New startup promises ‘world’s first’ CRISPR-powered disease detection

Over the past few years, the gene-editing tool CRISPR has breathed new life into the field of genetics. Suddenly, genetic engineering was deemed both simple and efficient. CRISPR has been used to make specific tweaks to the genomes of myriad plants and animals, editing things like horns out of cattle and disease-resistance into crops.

Now, a startup called Mammoth Biosciences promises to offer unprecedented disease diagnostics, using CRISPR to detect biomarkers associated with practically any disease. Co-founded by Jennifer Doudna, one of the two researchers who first put the revolutionary tool on the map, Mammoth has branded itself as the world’s first CRISPR-powered diagnostic platform, offering high-tech disease detection via at-home tests.

The system will perform detection of any organism that contains DNA and RNA, according to the company, meaning every infectious disease (like STDs, influenza, and malaria) and even cancers can be targets.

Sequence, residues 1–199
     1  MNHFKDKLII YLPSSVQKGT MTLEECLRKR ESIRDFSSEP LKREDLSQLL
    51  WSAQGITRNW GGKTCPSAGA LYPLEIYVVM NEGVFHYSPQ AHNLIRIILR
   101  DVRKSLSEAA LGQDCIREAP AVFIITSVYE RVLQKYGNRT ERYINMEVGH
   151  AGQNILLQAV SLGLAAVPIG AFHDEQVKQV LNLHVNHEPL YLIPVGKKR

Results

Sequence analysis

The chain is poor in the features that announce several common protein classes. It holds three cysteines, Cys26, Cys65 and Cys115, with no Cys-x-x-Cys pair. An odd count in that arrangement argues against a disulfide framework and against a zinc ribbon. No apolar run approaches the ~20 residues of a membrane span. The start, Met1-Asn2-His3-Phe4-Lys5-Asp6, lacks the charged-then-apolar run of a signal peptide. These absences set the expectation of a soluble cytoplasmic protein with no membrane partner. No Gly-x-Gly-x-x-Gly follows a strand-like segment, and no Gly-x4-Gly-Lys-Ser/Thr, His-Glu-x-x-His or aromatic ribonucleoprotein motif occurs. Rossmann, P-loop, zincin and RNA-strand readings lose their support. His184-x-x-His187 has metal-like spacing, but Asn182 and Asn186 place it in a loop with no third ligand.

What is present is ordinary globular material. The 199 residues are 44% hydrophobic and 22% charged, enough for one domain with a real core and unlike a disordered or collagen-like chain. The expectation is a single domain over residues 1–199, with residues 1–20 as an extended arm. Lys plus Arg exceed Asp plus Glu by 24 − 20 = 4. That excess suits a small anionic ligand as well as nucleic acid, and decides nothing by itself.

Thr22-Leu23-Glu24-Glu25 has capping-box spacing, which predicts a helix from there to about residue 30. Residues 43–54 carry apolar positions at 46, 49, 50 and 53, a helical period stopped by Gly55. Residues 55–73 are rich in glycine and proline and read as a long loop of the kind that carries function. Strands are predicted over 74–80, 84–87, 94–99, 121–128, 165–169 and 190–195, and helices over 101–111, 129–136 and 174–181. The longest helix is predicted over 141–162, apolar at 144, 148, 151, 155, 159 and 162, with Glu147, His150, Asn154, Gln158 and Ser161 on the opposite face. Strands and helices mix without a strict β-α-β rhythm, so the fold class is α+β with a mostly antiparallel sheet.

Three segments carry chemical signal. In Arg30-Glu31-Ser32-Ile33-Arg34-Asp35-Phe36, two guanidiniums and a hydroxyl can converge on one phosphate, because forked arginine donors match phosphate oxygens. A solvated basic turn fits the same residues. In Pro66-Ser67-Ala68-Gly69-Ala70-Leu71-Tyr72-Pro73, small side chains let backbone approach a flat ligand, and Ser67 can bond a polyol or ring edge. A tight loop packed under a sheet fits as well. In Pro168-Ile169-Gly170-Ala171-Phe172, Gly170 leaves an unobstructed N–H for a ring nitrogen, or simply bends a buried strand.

“Similar to a search engine, our scientists enter a code into the guide RNA to find the matching nucleic acid (DNA or RNA) strand in the disease,” Mammoth CEO Trevor Martin told Digital Trends. “Once the code is found, instead of only snipping the strand of matched RNA or DNA like one would for editing, it also has a collateral effect on reporter molecules that release a color to visually show the presence of the disease.

“For an at-home test, our vision is to have these molecules present on a disposable, credit card-sized paper test strip, which will be able to detect multiple tests on one strip,” he added. “It’s as easy as taking an at-home pregnancy test. You simply add a liquid sample to the strip and use the Mammoth app to read out the result. You’ll receive the result in under an hour.”

If we’ve learned anything about diagnostics startups who make big promises, it’s to filter their claims through a healthy dose of skepticism. That said, if Mammoth’s ambitions hold true, it would mean huge changes in efficiency and productivity for fields like healthcare and agriculture.

Martin wouldn’t share specifics on how much these at-home tests would cost but he insisted that the system would be, “affordable and as simple as taking an at-home pregnancy test.”

He added, “Our vision is to democratize access and knowledge to your own health and make it more accessible, so affordability is a priority.”

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